Telephus gets patents for superbug battling antibodies

By Gareth Macdonald

- Last updated on GMT

Telephus gets patents for superbug battling antibodies

Related tags Monoclonal antibody

Australia has granted Telephus Medical a patent for an antibody that targets superbugs, including MRSA.

The patent covers the science that underpins its methicillin-resistant Staphylococcus aureus (MRSA) targeting monoclonal antibody, TPH 101.

The monoclonal antibody is designed to both treat and prevent infection by binding the endo-β-N-acetylglucosaminidase (Gmd) subunit of staphylococcal autolysin, which is the enzyme that allows Staphylococci ​to attach to tissues and form biofilms.

In animal studies the antibody was shown to accelerate bacterial clearance and inhibit bacterial growth.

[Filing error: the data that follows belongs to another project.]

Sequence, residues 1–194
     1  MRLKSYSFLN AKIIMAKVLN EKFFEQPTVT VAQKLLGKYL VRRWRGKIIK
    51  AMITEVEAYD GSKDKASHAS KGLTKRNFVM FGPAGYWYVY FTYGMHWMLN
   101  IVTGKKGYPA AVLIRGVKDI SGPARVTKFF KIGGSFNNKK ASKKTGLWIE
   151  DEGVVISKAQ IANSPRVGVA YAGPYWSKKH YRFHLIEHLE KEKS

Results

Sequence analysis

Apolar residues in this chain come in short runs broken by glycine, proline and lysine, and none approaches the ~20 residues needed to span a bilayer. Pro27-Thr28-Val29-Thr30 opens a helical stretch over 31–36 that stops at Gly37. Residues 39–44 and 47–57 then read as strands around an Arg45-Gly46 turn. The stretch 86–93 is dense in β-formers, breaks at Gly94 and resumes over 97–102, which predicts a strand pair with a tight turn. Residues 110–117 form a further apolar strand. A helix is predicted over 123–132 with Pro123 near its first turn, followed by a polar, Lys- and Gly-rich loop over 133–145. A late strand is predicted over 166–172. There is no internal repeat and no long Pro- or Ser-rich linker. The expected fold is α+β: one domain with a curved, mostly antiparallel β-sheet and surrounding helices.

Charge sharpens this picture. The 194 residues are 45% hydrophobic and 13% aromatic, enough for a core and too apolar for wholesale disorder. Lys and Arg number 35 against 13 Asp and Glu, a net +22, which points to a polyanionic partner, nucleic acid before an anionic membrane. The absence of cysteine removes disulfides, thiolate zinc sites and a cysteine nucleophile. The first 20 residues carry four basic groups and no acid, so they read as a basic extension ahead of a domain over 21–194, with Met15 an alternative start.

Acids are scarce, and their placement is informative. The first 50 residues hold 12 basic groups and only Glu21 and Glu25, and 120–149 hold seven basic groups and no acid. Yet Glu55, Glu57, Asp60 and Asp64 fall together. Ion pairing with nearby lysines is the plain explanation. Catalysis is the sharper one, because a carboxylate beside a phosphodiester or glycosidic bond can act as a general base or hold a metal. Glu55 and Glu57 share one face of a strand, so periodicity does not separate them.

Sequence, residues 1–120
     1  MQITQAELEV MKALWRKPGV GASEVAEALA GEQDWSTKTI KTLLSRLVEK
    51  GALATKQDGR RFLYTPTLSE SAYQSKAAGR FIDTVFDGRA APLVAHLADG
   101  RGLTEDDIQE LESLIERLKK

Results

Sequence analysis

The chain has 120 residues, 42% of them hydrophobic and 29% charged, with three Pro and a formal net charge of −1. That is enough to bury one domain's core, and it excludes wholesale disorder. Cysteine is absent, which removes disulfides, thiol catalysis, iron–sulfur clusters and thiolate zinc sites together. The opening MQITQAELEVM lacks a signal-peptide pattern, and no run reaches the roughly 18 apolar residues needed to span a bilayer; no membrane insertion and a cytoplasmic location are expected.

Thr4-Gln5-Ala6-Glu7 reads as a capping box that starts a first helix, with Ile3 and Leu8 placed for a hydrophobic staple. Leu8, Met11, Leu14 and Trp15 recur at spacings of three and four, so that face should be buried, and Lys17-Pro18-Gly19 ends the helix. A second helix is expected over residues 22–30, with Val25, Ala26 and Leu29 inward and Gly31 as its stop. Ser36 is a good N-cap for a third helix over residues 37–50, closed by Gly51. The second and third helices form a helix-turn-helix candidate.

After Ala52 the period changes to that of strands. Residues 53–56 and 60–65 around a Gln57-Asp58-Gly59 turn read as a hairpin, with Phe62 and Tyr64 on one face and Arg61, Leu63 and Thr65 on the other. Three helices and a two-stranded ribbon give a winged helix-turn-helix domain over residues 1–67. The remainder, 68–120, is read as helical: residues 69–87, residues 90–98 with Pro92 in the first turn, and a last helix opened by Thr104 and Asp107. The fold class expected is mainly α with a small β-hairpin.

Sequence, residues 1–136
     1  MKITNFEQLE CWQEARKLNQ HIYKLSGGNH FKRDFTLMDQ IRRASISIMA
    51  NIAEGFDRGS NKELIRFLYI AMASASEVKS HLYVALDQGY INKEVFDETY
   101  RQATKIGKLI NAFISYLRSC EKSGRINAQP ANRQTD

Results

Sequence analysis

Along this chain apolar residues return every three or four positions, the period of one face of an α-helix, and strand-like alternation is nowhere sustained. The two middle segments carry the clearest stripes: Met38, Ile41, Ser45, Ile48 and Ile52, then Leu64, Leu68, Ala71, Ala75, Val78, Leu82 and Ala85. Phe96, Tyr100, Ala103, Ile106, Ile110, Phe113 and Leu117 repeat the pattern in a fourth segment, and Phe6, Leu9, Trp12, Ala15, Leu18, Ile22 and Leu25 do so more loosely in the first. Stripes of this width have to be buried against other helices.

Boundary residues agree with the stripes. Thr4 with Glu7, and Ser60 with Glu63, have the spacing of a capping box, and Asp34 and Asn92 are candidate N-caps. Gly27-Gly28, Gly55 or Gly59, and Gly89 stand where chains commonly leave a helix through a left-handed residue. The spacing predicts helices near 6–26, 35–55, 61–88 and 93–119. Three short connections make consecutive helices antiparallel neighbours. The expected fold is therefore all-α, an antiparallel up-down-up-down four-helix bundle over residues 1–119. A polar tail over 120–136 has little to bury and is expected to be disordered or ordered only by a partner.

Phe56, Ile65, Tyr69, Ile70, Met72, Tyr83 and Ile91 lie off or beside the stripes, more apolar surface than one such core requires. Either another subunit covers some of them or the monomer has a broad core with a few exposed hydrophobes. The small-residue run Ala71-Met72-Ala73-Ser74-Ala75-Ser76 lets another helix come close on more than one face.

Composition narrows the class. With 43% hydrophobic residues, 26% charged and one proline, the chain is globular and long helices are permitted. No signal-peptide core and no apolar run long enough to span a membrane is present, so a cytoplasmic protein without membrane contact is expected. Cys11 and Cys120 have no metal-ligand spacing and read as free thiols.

California, US-based Telephus licensed the antibody from a laboratory at New York’s University of Rochester (UR) run by company founder and chief scientific officer (CSO), Edward Schwarz.

Telephus – which is named after an ancient Greek warrior whose wounds only healed thanks to Odysseus’s medical intervention – licensed intellectual property (IP) covering wider therapeutic use of neutralizing antibodies to treat infection.

The Australian patent follow a few weeks after authorities in Canada and Japan issued Telephus with patents for the same antibody.

CEO Mark Benedyk said: “This third patent in our intellectual property estate extends Telephus’ portfolio covering monoclonal antibody compositions and methods targeting antibiotic-resistant bacteria.

He added that: “It also describes the technology on which our initial product, TPH 101, is based.”

In 2013, San Diego-headquartered Telephus told Xconomy it had raised $1.4m from individual investors and the Wilson Sonsini law firm and said it planned to take the drug into Phase I trials in 2016​.

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